Arizona

Sign Plastered Over at Chinese Cultural Center in Phoenix

Only the address was left visible at Chinese Cultural Center
Only the address was left visible at Chinese Cultural Center Molly Longman
click to enlarge Only the address was left visible at Chinese Cultural Center - MOLLY LONGMAN
Only the address was left visible at Chinese Cultural Center
Molly Longman
When employees arrived at the Phoenix Chinese Cultural Center near 44th and Van Buren streets this morning, something was missing

At least one sign in front of the historical site signifying the cultural center had been plastered and painted over, leaving only the physical address.

Members of the Chinese and Asian-American communities say the removal of the cultural center's name from the sign was the result of a recent change in ownership.

Tenants at the center and members of the Chinese-American community have been attempting to negotiate with the new owner of the property, True North Companies, since the Scottsdale-based company purchased the property in June, according to Thomas Simon, a consultant for the Chinese United Association of Greater Phoenix.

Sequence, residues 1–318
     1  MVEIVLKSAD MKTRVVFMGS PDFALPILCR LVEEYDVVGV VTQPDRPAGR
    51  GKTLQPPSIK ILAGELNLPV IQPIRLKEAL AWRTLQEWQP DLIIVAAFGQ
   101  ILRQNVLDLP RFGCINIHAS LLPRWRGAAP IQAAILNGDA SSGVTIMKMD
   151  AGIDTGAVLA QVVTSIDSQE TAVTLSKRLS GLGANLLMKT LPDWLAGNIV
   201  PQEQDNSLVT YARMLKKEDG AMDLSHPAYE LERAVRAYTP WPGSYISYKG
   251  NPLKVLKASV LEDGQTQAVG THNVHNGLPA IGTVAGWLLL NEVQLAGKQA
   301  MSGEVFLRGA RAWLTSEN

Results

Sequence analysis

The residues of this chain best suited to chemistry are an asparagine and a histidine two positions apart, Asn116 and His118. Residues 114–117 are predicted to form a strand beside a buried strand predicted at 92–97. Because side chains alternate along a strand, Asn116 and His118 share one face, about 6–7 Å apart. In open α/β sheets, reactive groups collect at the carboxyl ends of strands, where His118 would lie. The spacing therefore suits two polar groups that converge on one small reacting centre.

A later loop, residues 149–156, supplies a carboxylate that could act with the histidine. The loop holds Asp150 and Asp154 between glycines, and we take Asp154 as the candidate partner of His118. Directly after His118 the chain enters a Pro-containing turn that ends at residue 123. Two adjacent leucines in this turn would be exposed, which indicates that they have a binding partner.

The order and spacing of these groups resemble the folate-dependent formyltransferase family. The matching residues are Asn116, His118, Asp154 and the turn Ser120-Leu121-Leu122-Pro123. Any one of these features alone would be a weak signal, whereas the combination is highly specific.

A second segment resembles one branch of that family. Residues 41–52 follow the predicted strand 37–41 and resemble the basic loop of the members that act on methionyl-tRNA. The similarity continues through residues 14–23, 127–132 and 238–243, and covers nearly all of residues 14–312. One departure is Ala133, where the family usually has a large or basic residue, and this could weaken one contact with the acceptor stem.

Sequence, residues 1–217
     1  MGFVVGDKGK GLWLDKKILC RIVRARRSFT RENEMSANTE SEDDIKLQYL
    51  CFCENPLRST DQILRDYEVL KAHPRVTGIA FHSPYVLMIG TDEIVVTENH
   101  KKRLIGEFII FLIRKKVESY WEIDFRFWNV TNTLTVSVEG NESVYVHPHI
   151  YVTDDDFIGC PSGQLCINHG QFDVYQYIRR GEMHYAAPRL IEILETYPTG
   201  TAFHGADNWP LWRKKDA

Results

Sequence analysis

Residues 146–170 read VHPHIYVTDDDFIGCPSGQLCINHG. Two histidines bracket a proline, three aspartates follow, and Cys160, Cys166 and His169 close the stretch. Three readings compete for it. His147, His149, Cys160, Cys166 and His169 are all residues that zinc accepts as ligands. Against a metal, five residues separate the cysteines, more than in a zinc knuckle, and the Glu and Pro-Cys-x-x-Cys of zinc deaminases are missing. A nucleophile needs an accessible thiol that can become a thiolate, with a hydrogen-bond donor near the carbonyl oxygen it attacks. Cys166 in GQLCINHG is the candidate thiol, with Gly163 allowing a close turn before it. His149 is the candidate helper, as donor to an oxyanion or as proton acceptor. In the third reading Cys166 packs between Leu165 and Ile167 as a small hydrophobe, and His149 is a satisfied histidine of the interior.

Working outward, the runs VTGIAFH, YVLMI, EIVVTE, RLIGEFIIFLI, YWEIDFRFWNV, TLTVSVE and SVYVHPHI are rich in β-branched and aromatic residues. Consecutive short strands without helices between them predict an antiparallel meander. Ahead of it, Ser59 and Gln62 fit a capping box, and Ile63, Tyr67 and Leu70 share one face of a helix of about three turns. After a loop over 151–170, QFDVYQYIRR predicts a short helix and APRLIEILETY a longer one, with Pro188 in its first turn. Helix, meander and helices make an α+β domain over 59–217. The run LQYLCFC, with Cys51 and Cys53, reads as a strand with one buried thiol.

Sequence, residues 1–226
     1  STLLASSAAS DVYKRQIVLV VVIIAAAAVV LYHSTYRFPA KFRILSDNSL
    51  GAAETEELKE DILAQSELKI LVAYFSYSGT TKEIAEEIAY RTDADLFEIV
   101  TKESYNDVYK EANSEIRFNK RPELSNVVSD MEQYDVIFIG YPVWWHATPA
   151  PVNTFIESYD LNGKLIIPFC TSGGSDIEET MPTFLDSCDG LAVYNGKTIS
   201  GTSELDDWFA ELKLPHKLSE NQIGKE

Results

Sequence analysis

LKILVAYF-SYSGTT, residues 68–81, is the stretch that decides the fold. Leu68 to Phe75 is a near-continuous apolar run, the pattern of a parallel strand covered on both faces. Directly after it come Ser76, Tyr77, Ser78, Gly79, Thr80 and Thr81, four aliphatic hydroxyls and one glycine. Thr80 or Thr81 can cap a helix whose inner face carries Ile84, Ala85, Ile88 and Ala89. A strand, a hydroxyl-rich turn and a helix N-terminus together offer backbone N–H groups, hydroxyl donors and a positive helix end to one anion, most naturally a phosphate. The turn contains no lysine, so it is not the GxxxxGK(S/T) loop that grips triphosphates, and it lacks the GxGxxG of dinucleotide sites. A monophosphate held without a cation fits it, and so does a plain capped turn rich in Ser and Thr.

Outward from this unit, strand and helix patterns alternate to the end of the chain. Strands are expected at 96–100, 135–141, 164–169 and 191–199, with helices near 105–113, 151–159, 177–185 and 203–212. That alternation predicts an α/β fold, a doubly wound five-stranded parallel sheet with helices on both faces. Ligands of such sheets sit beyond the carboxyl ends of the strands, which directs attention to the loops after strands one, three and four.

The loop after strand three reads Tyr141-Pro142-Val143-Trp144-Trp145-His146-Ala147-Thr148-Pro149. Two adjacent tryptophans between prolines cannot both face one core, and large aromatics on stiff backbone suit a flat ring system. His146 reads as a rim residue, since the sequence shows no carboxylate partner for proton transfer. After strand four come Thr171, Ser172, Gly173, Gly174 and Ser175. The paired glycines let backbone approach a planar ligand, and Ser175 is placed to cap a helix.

"They won't return calls, but have time in the middle of the night to sneak out and cover up the cultural name on the front of the building," Simon said. "It just says volumes. It just says 'shove it.' That's how [the community is] taking it."

True North Companies Chief Executive Officer David Tedesco did not return a call from Phoenix New Times.

"The Chinese people are very respectful, and they're taking this as a sign of disrespect," Simon said.

Garry Ong, a spokesman for the coalition formed to save the Chinese Cultural Center, held a press conference at the restaurant Szechwan Palace in the center to discuss the disheartening move to mar their signs.

Ong announced that the cultural center's new owner agreed to meet with Phoenix Mayor Greg Stanton. He said he's hopeful the mayor will convince the new owner to leave the rest of the cultural center unscathed.

"There's so much culture and history there, and we don’t want to lose it," Ong said. "We want to sit down and see how we can make this work for both of us."



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Molly Longman